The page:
References: http://somatosphere.net/2014/09/climate-change-and-planetary-health.html

Nostalgic About Nostalgia: The Complex Results of Meaning-Making

Michael Harkin’s “California Dreamin’” article took me back to one of my Cultural Anthropology discussions about how environment/space has potential to influence culture through personal experiences.

In Harkin’s piece, he discusses how his most recent trip to Walt Disneyland, with his child, made him long for his own childhood as he became increasingly nostalgic over the course of his visit. Harkin describes his nostalgia through the lens of someone who grew up in Southern California and he suggests that the nostalgia he experienced while at Disneyland was the deliberate intentions of those who design Disneyland’s exhibits. Disneyland encouraged a specific type of nostalgia for Harkin; a type of nostalgia that is ideal to a person who experienced a midwestern, town that revolves around the typical “Main Street USA,” while showing heavy signs of late 1800 influence.

Harkin effectively describes the complexity of nostalgia by suggesting that, “nostalgia operates as a sort of prism, refracting all primary experience: thus, I could be nostalgic for my parents’ nostalgia for the Midwest in a seemingly simpler time, seen from the troubled 1960s.” Through this complexity, we can see how a place can influence ones experiences/feelings. In addition to this, we can even use a place to make conclusions about the long term cultural effects a location has on a group of people.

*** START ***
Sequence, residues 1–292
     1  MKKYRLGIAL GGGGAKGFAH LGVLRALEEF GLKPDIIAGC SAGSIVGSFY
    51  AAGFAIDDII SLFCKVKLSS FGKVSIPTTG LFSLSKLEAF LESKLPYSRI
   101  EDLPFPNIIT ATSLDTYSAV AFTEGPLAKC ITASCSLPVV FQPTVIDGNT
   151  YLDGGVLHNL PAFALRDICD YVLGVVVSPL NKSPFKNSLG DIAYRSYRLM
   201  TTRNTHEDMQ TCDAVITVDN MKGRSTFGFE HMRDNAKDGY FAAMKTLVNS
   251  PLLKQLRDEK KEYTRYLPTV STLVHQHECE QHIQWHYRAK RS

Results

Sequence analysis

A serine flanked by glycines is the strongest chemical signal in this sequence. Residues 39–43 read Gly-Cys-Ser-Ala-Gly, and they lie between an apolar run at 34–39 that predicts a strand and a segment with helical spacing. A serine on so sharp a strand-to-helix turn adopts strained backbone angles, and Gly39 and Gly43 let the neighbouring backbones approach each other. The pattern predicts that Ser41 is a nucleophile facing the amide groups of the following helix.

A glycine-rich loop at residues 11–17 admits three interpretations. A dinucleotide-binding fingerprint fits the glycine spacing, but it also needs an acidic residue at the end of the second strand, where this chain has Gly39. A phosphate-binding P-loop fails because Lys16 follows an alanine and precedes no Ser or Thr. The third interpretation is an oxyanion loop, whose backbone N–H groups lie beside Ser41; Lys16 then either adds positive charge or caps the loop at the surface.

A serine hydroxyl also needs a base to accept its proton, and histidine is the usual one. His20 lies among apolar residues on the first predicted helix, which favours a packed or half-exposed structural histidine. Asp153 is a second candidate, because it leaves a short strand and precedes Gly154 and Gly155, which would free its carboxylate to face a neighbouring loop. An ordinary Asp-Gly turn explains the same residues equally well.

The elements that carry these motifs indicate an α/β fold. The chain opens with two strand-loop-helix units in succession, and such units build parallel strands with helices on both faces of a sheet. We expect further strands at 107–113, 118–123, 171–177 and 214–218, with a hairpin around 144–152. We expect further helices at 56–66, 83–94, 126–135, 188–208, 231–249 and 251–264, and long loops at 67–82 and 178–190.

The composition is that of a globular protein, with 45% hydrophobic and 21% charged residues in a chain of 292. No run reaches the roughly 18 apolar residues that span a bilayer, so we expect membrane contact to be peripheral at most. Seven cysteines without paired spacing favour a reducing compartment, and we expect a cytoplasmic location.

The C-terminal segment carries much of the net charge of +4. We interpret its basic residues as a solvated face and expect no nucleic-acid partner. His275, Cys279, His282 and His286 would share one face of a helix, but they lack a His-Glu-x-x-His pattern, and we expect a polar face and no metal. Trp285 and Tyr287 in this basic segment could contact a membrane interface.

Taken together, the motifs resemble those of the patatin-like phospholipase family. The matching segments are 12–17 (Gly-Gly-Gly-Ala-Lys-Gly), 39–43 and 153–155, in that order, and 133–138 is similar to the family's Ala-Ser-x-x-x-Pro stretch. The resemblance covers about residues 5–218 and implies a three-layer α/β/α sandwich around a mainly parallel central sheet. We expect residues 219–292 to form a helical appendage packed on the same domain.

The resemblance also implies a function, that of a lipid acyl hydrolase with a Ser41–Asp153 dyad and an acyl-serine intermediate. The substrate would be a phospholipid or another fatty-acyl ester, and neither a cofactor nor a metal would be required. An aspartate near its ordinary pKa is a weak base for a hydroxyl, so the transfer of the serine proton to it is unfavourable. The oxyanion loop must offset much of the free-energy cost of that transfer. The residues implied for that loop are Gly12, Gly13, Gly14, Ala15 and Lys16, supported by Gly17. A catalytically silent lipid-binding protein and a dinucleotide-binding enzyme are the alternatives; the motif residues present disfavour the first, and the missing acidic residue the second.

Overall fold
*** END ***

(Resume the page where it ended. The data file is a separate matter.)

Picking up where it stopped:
Anthropology can be used to better understand the designs of spaces and the specific visual/environmental tools used to induce certain emotions. We continue to see the heavy effects of environment on culture especially in an age where cultural diversity continues to decline. An example on the heavy influence environment has on culture can be seen in the film “Sun Come Up, where the viewer is exposed to the troubling effects of climate change on Carteret Islanders. In this film, we can see how the relocation of the Carteret leads to the eventual end of their culture because their culture is rooted in island life with no exposure to the market economy.

Referenced: < http://www.anthropology-news.org/index.php/2014/04/24/california-dreamin/ >

Referenced: Film: Sun Come Up